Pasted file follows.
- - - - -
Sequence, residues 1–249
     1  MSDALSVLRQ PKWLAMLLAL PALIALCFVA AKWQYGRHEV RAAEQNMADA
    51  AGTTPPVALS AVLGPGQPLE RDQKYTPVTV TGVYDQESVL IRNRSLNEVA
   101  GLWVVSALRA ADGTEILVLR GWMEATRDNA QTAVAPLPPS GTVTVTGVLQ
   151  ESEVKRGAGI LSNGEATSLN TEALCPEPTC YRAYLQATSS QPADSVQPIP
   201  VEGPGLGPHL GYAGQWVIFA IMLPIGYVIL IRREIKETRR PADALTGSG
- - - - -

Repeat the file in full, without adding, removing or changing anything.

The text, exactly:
Sequence, residues 1–249
     1  MSDALSVLRQ PKWLAMLLAL PALIALCFVA AKWQYGRHEV RAAEQNMADA
    51  AGTTPPVALS AVLGPGQPLE RDQKYTPVTV TGVYDQESVL IRNRSLNEVA
   101  GLWVVSALRA ADGTEILVLR GWMEATRDNA QTAVAPLPPS GTVTVTGVLQ
   151  ESEVKRGAGI LSNGEATSLN TEALCPEPTC YRAYLQATSS QPADSVQPIP
   201  VEGPGLGPHL GYAGQWVIFA IMLPIGYVIL IRREIKETRR PADALTGSG